A few months ago, you played for Siemens colleagues in Berlin Siemensstadt. Did you remember anything special about your performance?


I loved performing at the Siemensstadt and meeting all the audience members afterwards! It was a very special concert because of the people and the wonderful hospitality. I also enjoyed the fact that for many of the audience members this was their first classical music experience. It makes me so happy to know that my concert was maybe the ice breaker and these people will develop a genuine interest in classical music! 

A Rebel at Carnegie Hall 

The Siemens Arts Program staged a concert with ARD music prize winner Kristīne Balanas (violin) in the Carnegie Hall.  

 

See the video about her debut in New York’s “temple of music”.

When the conference hall becomes a concert hall

A treat for the senses - this was offered by the first Siemens lunch concert in Berlin. The outstanding ARD music prize winner Kristīne Balanas (violin) and the Neue Philharmonie Berlin (conductor: Andreas Schulz) thrilled the audience in Siemensstadt with a breathtaking performance that was literally absorbed by the audience. A subsequent lunch offered employees and musicians the opportunity for mutual exchange.

Sound experience of a special kind 

The violinist Kristīne Balanas opened the lunch concert together with the Neue Philharmonie Berlin under the direction of Andreas Schulz. The Latvian soloist is one of the fastest-growing talents on the international music scene and has undoubtedly demonstrated her skill and professionalism.

 

With a remarkable ease she took the audience on a journey through Felix Mendelssohn's Violin Concerto in E minor. The audience honoured her excellent performance with minutes of applause.

 

In the second part of the concert, the Neue Philharmonie once again showed its class and presented excerpts from Ludwig van Beethoven's 7th Symphony. Conductor Andreas Schulz demanded top performance from his talented young musicians, which was again rewarded with sustained cheers. As a thank you for this appreciation, the orchestra, founded in 2017, rounded off the concert with an encore.

Networking with aspiring artists

After the concert, employees and musicians were given the opportunity to exchange ideas with each other and gain insights into the other's working world in an informal atmosphere. Soloist Kristīne Balanas also took plenty of time after her performance to let this unconventional lunch break fade away. She spoke in German, English, Latvian and Russian - obviously the sympathetic prizewinner is also a language genius. In order to keep this unique concert in special memory, she took photos with interested employees. Siemens can be proud to support young talents like her through the International ARD Music Competition.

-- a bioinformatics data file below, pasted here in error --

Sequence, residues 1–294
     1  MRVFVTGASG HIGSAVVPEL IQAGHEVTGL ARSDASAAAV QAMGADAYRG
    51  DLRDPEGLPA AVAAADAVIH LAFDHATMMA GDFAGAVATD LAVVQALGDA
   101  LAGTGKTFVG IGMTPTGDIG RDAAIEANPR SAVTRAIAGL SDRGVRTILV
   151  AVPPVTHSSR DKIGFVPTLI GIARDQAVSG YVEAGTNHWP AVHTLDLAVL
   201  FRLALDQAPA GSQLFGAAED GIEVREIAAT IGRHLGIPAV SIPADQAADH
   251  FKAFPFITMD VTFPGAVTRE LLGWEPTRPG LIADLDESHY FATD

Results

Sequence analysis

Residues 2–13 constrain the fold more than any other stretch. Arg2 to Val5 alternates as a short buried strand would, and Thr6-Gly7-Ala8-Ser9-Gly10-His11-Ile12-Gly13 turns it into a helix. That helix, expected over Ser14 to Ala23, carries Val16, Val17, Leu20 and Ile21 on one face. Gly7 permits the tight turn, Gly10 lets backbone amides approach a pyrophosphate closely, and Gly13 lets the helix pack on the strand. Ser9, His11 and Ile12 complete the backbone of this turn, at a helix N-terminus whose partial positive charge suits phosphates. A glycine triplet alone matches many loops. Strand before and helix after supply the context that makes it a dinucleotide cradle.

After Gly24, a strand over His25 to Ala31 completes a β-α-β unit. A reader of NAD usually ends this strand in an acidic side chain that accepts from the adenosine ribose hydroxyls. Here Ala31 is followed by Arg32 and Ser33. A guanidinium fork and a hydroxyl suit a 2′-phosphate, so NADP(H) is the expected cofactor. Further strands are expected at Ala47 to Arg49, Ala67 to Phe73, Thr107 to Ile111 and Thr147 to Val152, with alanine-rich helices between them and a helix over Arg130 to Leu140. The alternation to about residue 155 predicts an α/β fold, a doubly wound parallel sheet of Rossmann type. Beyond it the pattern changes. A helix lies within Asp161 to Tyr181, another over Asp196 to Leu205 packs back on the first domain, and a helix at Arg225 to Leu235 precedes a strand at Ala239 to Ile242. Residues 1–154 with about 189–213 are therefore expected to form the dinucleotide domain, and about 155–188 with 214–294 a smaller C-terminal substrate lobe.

Musical signal of understanding with kick-off concerts at the Brandenburg Gate

In the course of the celebrations for the German Unification Day we had the chance to actively participate in the supporting program on the main stage in front of the Brandenburg Gate. We used this great opportunity to set a musical signal of understanding with two self-initiated concerts. On October 1, the Neue Philharmonie Berlin officially opened the three-day festivities together with soprano Ilkin Alpay, winner of the Siemens Opera Contest Turkey. On October 3, the world-famous cellist Daniel Müller-Schott opened the #1heit concert after an speech by the ruling mayor Michael Müller.

In memory of his master Mstislaw Rostropovich, Daniel Müller-Schott played excerpts from Bach's Cello Suite No. 2, the piece that Rostropovich also played at Checkpoint Charlie after the fall of the Berlin Wall on November 10, 1989. Original film footage of this historic event from November 1989 was shown parallel on stage. Müller-Schott's opening concert reminded the audience of the fall of the Berlin Wall, unity and freedom, inspiring ten thousands of spectators.

In the Siemens Pavilion, we also created a link between digitalization and classical music with our "3D Sound Project" including an avatar orchestra in an augmented reality environment.

We were able to talk behind the scenes about their concerts at the Brandenburg Gate both with the up-and-coming talent Ilkin Alpay and with the renowned cellist Daniel Müller-Schott.

The well known cellist Daniel Müller-Schott took the time before his big performance on October 3rd to talk about the joint project.

What were your first thoughts when we - the Siemens Arts Program - approached you with the idea for the opening concert in memory of the fall of the Berlin Wall?

"It is a great honor for me to be able to recall the fall of the Berlin Wall with excerpts from Bach's cello suites. I can certainly say in advance that this moment will be highly emotional for me, since my teacher Rostropovich played the same piece at Checkpoint Charlie in 1989. The feeling of knowing that the original film footage of this historic event in 1989 will be faded in live on stage is beyond words."

What does the artistic intervention in memory of Mstislav Rostropovich mean for you as a musician? How do you relate to Rostropovich - and to Berlin?